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On Monday, workers at an Amazon warehouse in Staten Island walked off the job for a second time, just one week after holding an initial strike, citing continued coronavirus fears amid 26 cases of the virus at the warehouse.
Apr.06 -- Amazon.com Inc. has played an important role in bringing groceries and other supplies to people’s doorsteps during the global pandemic. But it’s not just battling Covid-19 and the myriad logistical complexities the virus has introduced. As last week’s developments made clear, Amazon also appears to see itself as fighting a war on its other flank—against organized labor. Bloomberg's Brad Stone reports on "Bloomberg Markets."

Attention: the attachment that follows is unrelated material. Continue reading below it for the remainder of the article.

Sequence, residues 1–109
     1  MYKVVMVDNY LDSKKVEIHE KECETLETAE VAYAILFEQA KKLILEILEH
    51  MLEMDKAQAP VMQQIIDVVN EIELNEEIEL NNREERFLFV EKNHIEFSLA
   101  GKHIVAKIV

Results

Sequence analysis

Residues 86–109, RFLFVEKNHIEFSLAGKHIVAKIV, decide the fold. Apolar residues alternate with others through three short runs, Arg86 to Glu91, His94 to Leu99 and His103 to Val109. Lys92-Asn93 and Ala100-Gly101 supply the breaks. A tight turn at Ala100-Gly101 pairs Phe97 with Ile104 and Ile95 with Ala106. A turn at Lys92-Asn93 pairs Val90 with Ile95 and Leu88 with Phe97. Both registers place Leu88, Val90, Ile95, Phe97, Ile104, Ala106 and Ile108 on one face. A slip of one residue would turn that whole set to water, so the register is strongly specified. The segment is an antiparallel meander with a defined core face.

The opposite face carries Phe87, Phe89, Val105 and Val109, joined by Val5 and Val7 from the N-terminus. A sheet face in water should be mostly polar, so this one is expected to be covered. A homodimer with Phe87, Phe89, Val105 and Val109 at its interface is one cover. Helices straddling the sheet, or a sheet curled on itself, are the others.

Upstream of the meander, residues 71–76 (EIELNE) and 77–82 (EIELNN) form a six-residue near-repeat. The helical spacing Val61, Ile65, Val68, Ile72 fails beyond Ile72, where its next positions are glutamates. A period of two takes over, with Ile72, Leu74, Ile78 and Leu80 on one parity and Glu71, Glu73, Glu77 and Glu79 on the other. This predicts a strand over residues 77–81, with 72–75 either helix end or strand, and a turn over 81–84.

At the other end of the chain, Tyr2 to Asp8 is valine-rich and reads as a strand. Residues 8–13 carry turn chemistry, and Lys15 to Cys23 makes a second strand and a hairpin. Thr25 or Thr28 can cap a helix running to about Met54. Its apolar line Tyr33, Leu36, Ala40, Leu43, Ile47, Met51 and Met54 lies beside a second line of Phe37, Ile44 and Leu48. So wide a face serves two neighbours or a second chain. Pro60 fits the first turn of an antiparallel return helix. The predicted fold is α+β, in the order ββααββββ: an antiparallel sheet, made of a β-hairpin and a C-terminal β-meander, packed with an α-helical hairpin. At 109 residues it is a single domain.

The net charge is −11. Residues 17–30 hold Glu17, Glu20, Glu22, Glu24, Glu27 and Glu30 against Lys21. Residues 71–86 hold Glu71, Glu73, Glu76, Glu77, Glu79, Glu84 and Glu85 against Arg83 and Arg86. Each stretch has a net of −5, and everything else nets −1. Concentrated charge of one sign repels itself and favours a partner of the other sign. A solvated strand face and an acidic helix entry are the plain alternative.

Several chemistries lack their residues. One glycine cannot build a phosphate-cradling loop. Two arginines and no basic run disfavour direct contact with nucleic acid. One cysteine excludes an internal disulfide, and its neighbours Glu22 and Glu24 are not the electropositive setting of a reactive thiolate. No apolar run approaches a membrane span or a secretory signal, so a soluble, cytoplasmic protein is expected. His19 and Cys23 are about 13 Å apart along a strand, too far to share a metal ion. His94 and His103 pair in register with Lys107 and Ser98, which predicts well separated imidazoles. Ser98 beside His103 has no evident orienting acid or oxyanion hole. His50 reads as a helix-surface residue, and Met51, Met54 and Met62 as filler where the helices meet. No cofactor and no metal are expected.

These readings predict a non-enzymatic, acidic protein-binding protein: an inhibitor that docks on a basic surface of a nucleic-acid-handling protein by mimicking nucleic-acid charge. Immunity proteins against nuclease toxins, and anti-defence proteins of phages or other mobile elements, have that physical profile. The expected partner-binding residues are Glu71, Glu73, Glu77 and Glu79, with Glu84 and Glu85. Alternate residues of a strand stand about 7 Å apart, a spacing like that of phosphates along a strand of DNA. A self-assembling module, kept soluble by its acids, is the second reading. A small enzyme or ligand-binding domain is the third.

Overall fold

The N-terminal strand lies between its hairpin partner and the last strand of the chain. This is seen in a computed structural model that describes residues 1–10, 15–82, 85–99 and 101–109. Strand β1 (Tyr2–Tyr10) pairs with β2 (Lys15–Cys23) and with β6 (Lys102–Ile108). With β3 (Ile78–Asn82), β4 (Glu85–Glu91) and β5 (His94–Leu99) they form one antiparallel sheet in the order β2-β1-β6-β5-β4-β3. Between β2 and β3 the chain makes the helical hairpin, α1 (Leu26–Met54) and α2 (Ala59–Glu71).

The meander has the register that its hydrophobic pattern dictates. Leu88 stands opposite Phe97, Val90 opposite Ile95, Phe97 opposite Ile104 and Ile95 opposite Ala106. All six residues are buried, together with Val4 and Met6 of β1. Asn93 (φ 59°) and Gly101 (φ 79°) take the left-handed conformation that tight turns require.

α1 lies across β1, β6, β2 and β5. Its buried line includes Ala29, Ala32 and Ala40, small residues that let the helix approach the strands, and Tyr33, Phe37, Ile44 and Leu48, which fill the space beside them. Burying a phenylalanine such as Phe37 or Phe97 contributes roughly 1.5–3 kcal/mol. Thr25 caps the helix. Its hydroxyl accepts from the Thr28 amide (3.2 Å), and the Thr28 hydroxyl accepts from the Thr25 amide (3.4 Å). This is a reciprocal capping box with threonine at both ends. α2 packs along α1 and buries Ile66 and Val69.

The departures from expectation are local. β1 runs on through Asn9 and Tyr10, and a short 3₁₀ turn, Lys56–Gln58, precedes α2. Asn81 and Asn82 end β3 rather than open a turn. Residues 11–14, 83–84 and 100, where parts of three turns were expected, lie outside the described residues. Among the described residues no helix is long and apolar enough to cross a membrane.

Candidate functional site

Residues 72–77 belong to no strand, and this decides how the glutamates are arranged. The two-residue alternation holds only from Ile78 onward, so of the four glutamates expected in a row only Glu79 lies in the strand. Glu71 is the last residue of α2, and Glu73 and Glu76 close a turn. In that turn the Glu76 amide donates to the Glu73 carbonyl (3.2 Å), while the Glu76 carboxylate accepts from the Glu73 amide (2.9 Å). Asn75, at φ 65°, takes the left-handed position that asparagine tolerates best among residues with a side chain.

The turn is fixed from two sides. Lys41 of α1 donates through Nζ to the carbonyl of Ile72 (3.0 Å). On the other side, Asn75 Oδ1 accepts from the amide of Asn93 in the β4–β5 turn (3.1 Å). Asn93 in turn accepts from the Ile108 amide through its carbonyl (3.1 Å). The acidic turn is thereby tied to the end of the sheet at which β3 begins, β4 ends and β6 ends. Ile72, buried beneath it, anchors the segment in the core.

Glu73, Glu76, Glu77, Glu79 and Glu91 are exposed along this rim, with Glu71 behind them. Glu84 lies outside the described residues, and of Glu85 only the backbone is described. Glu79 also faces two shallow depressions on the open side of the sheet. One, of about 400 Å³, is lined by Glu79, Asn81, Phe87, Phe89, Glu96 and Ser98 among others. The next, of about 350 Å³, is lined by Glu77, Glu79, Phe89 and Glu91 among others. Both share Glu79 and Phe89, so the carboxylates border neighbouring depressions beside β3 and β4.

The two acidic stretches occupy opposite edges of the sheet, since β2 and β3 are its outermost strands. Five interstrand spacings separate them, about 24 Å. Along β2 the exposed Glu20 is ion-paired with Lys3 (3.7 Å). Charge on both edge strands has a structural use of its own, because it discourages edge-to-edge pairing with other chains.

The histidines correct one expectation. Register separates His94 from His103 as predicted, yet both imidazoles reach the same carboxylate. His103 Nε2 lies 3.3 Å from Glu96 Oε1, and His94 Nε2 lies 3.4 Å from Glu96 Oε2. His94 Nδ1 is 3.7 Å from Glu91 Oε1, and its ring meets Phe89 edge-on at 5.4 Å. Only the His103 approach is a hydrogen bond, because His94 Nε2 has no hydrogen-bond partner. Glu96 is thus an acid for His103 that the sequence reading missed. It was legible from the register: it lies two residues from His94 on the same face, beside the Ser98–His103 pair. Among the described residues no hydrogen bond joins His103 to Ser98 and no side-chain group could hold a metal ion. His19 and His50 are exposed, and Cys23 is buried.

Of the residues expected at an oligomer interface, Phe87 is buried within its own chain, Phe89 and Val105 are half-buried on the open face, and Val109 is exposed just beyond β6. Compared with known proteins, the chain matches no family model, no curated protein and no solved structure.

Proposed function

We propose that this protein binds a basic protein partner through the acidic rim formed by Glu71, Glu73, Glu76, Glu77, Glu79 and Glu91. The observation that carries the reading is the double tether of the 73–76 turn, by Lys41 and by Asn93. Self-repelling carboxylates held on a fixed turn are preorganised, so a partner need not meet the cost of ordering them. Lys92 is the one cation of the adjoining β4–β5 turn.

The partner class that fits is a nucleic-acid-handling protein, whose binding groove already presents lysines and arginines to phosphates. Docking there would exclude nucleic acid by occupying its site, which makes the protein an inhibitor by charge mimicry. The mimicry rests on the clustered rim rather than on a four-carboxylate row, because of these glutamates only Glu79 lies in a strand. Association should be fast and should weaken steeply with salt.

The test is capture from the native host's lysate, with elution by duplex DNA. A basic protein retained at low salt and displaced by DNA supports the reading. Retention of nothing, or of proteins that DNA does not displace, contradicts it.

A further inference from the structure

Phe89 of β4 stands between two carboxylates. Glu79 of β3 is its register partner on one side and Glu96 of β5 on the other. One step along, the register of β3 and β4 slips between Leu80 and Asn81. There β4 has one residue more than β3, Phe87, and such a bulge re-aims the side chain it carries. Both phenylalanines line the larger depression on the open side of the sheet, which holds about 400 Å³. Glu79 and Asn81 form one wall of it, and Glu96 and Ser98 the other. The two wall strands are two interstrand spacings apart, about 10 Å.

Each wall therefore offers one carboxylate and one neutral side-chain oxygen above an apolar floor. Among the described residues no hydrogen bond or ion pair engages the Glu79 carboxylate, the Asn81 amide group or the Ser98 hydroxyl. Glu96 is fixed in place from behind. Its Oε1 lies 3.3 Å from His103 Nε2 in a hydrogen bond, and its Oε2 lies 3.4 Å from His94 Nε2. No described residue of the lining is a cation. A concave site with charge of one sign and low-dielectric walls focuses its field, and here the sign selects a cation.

(Bloomberg) -- The world’s biggest lockdown has brought transportation of goods in India close to a halt, even though the federal government has exempted the sector from restrictions to halt the spread of coronavirus.Daily movement of trucks has collapsed to less than 10% of normal levels, according to All India Motor Transport Congress, an umbrella body of goods-vehicle operators representing about 10 million truckers. Road transport accounts for about 60% of freight traffic in India and 87% of its passenger traffic, according to the Ministry of Road Transport and Highways.Trucking has emerged as a major chokepoint in global supply chains from food to medical supplies as governments around the world take ever more stringent steps to contain the pandemic, restricting the movement of vehicles as well as people to drive them. The stoppages in India, where Prime Minister Narendra Modi imposed a three-week lockdown on the nation’s 1.3 billion people from March 25, are a harbinger of the damage the measures are wreaking on the economy amid forecasts the country could see its first contraction in at least two decades.“Though the government has allowed movement of both essential and non-essential goods, the situation is very different at the ground level,” said Naveen Kumar Gupta, secretary general of AIMTC, the largest grouping of transporters in India. Almost daily clarifications by the government take time to trickle down to officials enforcing the rules, making operations difficult, according to the organization’s president, Kultaran Singh Atwal.The decline in road transport is another major setback for fuel demand in the world’s third biggest oil market, which has already been hit by the collapse in air travel. Fuel sales in March by India’s three biggest state-run retailers shrank by as much as 33%.One of the major problems facing truckers is loading and unloading because of a shortage of labor, according to AIMTC. And with the lockdown shutting highway food establishments and workshops, truckers can’t get the services they need even if they are on the road.How will the coronavirus pandemic shift power around the world? Join us on Tuesday at 10 am ET for a live virtual conversation exploring how a post-virus world might look. Register here for Bloomberg New EconomyCharting the Trade TurmoilThe world could be on the brink a food scare as the coronavirus upends supply chains and sends prices for key staples higher. Prices of rice and wheat — crops that account for a third of the world’s calories — are rapidly climbing.Today’s Must ReadsAbout face | President Donald Trump eased restrictions on exports of masks and other protective equipment needed to fight the Covid-19 pandemic after a backlash from allies around the world. Stranded sailors | Port restrictions and canceled flights are straining the ability to replace seafarers on board ships, further weakening global supply chains already snarled by the coronavirus pandemic. Supply concession | India partially lifted a ban on the exports of a malaria drug after Trump sought supplies for the U.S., according to government officials with knowledge of the matter. Plane challenge | The most dramatic contraction in civil aviation history poses a challenge for Airbus in how to balance its response. Pose a strike | The global health crisis is shining a spotlight on how Amazon and many of the world’s biggest companies treat essential workers. Swiss nonplussed | Switzerland, whose penchant for preparing for emergencies has won it praise, is facing a possible shortage of alcohol used to make hand sanitizer.Bloomberg AnalysisFunctions for the market | Food supply-chain risks persist even as panic buying ebbs. Rent effects | The coronavirus will reduce apartment REIT revenue and funds from operations in 2020, potentially by more than the 4% drop at the depths of the 2008-09 crisis. Swift response | On Feb. 27, ECB President Christine Lagarde said there was no obvious need for a monetary response to the pandemic. Four weeks later, she unleashed massive stimulus. Use the AHOY function to track global commodities trade flows. See BNEF for BloombergNEF’s analysis of clean energy, advanced transport, digital industry, innovative materials, and commodities. Click VRUS on the terminal for news and data on the coronavirus and here for maps and charts.For more articles like this, please visit us at bloomberg.comSubscribe now to stay ahead with the most trusted business news source.©2020 Bloomberg L.P.